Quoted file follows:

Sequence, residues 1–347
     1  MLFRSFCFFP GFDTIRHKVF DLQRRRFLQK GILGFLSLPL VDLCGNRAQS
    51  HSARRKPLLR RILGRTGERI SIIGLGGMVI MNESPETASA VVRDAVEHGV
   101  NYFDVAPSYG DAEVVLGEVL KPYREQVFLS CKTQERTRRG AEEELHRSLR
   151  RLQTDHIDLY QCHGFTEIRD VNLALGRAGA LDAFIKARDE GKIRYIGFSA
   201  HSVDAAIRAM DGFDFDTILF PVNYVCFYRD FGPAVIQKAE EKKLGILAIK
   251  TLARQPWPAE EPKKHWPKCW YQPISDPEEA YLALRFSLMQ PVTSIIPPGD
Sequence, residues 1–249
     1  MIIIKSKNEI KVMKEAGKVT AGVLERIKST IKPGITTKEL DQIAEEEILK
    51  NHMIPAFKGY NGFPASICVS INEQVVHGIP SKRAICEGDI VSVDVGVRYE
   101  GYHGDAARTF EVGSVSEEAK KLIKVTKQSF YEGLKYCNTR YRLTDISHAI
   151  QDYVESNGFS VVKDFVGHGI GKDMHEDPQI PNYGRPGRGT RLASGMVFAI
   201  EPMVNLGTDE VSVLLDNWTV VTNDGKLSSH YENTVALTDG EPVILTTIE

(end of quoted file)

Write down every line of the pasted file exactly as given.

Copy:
Sequence, residues 1–347
     1  MLFRSFCFFP GFDTIRHKVF DLQRRRFLQK GILGFLSLPL VDLCGNRAQS
    51  HSARRKPLLR RILGRTGERI SIIGLGGMVI MNESPETASA VVRDAVEHGV
   101  NYFDVAPSYG DAEVVLGEVL KPYREQVFLS CKTQERTRRG AEEELHRSLR
   151  RLQTDHIDLY QCHGFTEIRD VNLALGRAGA LDAFIKARDE GKIRYIGFSA
   201  HSVDAAIRAM DGFDFDTILF PVNYVCFYRD FGPAVIQKAE EKKLGILAIK
   251  TLARQPWPAE EPKKHWPKCW YQPISDPEEA YLALRFSLMQ PVTSIIPPGD
Sequence, residues 1–249
     1  MIIIKSKNEI KVMKEAGKVT AGVLERIKST IKPGITTKEL DQIAEEEILK
    51  NHMIPAFKGY NGFPASICVS INEQVVHGIP SKRAICEGDI VSVDVGVRYE
   101  GYHGDAARTF EVGSVSEEAK KLIKVTKQSF YEGLKYCNTR YRLTDISHAI
   151  QDYVESNGFS VVKDFVGHGI GKDMHEDPQI PNYGRPGRGT RLASGMVFAI
   201  EPMVNLGTDE VSVLLDNWTV VTNDGKLSSH YENTVALTDG EPVILTTIE